Vaulting into rarefied air

LANDOVER — With a little practice and improved technique, who knows, Jackie McNulty might amaze people more than she already does.

On Monday, having not formally practiced the pole vault in almost a month, McNulty performed one of those remarkable athletic feats for which she is becoming increasingly known.

On her second attempt at the height, the Oakdale junior sailed over the bar, perched at 12 feet, 7 inches, to set a state indoor record for the girls pole vault and continue what’s quickly becoming one of the Bears’ proudest and longest-running sports traditions.

McNaulty’s epic vault punctuated the Class 2A-1A state indoor meet at the Prince George’s Sports and Learning Complex. Only a handful of spectators, mostly comprised of coaches, teammates, friends and meet officials, were there to witness it because the rest of the meet was already over. In fact, just about all of the 18 other competitors in the Class 2A field were already eliminated by the time McNulty attempted and cleared her opening height at 11 feet.

Only Middletown junior Erin Smith was left to provide a mild challenge. Smith stayed in the event by making 11 feet on her third attempt and then matched her personal record by going over the bar at 11-6 on her second try. She eventually bowed out with three misses at 12 feet.

Smith and McNulty have developed a mutual appreciation through their younger days together at the Frederick Gymnastics Club and by competing against one another in situations like this. Last year, Smith placed second at the state indoor meet (10-6), while McNulty was third because she had more misses at the same height.

“It’s not fun to compete by yourself,” Smith said.

The previous record holder was Oakdale graduate and current Virginia Tech vaulter Emma King, who had 364 days to enjoy the mark of 12-6 she set last February before McNulty, her former teammate, wiped it off the books.

King won five state titles in the pole vault, including three during the indoor season, and owns three of the top 10 female indoor vaults in state history. But, in very short order, McNulty has moved into her rarefied airspace.

A little more than two weeks ago, McNulty broke another one of King’s cherished records when she cleared 12-8 (a personal record) to win the girls pole vault at the Virginia Tech High School Invitational.

“I was just able to watch and learn,” McNulty said.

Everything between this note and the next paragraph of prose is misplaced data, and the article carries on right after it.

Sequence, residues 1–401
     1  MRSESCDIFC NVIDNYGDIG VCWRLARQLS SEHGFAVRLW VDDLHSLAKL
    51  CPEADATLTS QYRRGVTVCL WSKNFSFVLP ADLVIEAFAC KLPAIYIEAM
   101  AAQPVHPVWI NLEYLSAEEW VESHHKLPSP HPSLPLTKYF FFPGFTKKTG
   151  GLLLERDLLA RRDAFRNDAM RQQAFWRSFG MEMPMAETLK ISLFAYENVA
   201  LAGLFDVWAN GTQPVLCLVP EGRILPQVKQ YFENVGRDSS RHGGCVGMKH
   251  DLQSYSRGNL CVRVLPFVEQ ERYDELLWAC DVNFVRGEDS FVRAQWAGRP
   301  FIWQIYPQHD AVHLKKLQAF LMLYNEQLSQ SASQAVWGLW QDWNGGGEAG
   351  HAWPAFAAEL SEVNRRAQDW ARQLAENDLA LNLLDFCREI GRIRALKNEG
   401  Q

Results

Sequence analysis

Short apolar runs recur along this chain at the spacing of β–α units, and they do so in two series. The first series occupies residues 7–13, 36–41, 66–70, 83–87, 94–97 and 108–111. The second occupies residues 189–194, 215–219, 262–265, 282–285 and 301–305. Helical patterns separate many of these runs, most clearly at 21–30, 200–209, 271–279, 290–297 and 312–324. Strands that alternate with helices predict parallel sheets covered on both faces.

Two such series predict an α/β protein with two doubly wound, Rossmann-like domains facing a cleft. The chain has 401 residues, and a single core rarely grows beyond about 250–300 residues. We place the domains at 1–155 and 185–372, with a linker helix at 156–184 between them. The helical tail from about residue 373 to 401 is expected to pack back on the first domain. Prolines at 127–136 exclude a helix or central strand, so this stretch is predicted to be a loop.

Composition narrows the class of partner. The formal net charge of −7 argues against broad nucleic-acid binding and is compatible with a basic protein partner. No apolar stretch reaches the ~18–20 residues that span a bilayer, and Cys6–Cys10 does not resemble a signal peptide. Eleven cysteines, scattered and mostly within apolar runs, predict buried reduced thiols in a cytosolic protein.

McNulty’s success in the event is remarkable given her technique at the top of the vault — she goes over with her back to the bar — and relative inexperience. This is only her second season of pole vaulting.

Her natural ability is immense and she was blessed with long legs that provide significant spring in the vault and other events. Last spring, during the state outdoor meet at Morgan State, McNulty won the Class 2A triple jump, in addition to placing second to King in the pole vault and third in the long jump.

Once McNulty is able to turn her body at the top of her vault, like most other accomplished vaulters, she will gain an additional six to eight inches of clearance, according to her coach, Chris Heinze.

“That’s going to change everything,” Heinze said.

But practicing such things has been difficult because of the lousy weather this winter. Most of McNulty’s practices this season have taken place in the school cafeteria. She and the other vaulters can refine their technique at takeoff by dropping their poles in a small box, which slides along the ground. But they can’t launch or do much beyond that indoors. McNulty hasn’t attempted an actual vault in practice since the end of January when the weather permitted some outdoor training.

Still, her performance in meets hasn’t suffered all that much. Over the weekend, she placed fourth with a vault of 12-5 1/2 at the invitation-only Milrose Games in New York City. And she has the outdoor season this spring and two track seasons next school year to get better.

“I am just excited to get (the record) now,” McNulty said.

McNulty’s performance, combined with second-place finishes by teammate Abby Stultz in the high jump and 55-meter hurdles, and a third-place finish by the 3,200 relay team, helped the Oakdale girls finish fourth in the 2A team standings with 44 points.

The Middletown girls were fifth with 43 points. Smith’s second-place finish in the pole vault and senior Zoe Wolfe’s third-place finishes in the 500 and 800 runs led the effort.

The Brunswick girls, meanwhile, finished 13th in the 1A team standings with seven points.






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